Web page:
This process will cost you a percentage of the value of the property you are looking for, normally one per cent, but it keeps varying. What is the role of lawyers? A public notary office has to verify this information. Many people in Somalia do not have identification cards, and this is where the notary service comes in to authenticate and give confirmation that the land belongs to the said owner.

Without national identification cards, it must be difficult to verify who really owns the land?
In Somalia, we know each other and the real identification is not the one that you get on paper. All you have to do is to get the name of the person and in few days, the information will be verified.

How does this work?
There is an elder somewhere, who knows that this is the daughter or son of so and so. It is based on clan identification. Everyone is interconnected somehow. There is no way someone can cheat their way out of this system. Most of the time, guarantors are used to confirm or show proof of land ownership.

How serious is land or property conflicts in Somalia?
The next big problem after tribalism in Somalia will be the issue of land ownership. Most of the land, as explained, is owned by parents or elders, mostly through inheritance. The problem, therefore, will arise from property disputes involving families. Most Somalis never leave a will and most of the elders and parents are ageing. The requirement before any sale or land transfer, is that all the siblings have to sign an agreement. But in a culture like ours where polygamy is allowed, you are never too sure how many children your father had, and where they are spread. This will be the biggest hurdle and it has to be solved in a careful manner to avoid land conflicts.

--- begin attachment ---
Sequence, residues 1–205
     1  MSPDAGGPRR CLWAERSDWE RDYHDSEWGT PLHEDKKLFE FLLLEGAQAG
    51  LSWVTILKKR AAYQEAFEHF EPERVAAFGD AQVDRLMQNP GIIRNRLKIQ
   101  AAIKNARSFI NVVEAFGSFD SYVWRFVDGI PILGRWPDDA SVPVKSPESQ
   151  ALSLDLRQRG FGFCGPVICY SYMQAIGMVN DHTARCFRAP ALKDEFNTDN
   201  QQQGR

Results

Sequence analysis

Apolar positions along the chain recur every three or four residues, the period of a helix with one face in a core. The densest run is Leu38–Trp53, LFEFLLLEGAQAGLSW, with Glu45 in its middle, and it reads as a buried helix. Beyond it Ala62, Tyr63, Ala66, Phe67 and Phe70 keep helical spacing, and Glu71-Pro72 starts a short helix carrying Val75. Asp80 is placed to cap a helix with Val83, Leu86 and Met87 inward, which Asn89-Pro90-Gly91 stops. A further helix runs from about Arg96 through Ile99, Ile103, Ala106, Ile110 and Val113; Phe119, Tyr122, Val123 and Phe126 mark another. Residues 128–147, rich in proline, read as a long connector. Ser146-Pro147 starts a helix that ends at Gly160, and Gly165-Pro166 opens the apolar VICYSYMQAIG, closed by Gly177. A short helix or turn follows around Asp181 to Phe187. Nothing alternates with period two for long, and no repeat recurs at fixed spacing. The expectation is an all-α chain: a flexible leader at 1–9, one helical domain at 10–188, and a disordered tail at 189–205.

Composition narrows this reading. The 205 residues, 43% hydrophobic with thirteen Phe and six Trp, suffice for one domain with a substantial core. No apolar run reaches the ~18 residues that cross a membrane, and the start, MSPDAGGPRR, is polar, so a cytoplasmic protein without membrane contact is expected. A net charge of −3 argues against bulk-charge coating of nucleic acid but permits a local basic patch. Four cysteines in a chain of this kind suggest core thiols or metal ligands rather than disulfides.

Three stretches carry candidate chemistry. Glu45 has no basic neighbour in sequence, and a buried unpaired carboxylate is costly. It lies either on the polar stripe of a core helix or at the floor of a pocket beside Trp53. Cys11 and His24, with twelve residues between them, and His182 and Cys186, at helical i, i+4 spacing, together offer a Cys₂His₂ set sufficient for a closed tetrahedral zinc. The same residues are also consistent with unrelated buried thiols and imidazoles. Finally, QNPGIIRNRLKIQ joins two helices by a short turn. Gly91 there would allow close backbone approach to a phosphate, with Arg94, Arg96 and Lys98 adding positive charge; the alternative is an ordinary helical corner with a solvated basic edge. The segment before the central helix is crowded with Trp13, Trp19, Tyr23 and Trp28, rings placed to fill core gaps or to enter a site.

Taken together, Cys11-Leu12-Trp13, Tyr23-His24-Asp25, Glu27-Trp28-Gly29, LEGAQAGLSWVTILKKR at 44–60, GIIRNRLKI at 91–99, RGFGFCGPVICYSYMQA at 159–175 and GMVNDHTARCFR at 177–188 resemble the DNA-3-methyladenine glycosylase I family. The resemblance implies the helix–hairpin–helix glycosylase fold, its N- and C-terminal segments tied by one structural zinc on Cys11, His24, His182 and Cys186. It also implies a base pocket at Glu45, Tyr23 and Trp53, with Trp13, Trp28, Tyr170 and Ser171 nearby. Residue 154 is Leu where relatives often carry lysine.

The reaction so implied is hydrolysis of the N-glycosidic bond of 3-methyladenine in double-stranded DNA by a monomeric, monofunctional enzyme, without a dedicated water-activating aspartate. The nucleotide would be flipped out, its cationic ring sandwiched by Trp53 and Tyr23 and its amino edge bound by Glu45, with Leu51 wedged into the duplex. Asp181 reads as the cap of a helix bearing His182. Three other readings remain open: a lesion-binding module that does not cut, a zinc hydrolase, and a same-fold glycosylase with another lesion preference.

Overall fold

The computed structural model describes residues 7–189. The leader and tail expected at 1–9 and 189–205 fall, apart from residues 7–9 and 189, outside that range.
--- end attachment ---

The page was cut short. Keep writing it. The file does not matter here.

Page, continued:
How is your collaboration with the government?
We are working on creating building codes and town plans so that we have orderly property investment. This involves working with the government institutions to get proper plans that show the location of road reserves, street and other social amenities. It is important to note that we are not just taking care of our interests as a business groups, but we are also trying to build the capacity of the government with issues like title deeds management and the need to use biometrics, including GPS systems, to map the city.

What are the current and future prospects?
Most of the expatriates live in hotels due to lack of appropriate and secure housing. This, however is bound to change soon. For instance, the Jazeera and Dar-salaam estates will provide approximately 10,200 housing units when completed in a few months. What we have in mind is to create a gated community that has all the amenities that one may need, including water, electricity, high internet infrastructure and proper roads as well as other social amenities. We have also factored in the issue of security, and instead of each person providing their own guards, we are looking at contracting security companies that will provide overall security. The number of people who need accommodation and rental spaces is high. Therefore, we also have to provide luxurious and convenient options. Many people are advised to settle closer to the airport for security reasons, thus making the prices of property around these concentrated areas to skyrocket. In the near future, however, we see this changing due to new developments within and outside Mogadishu.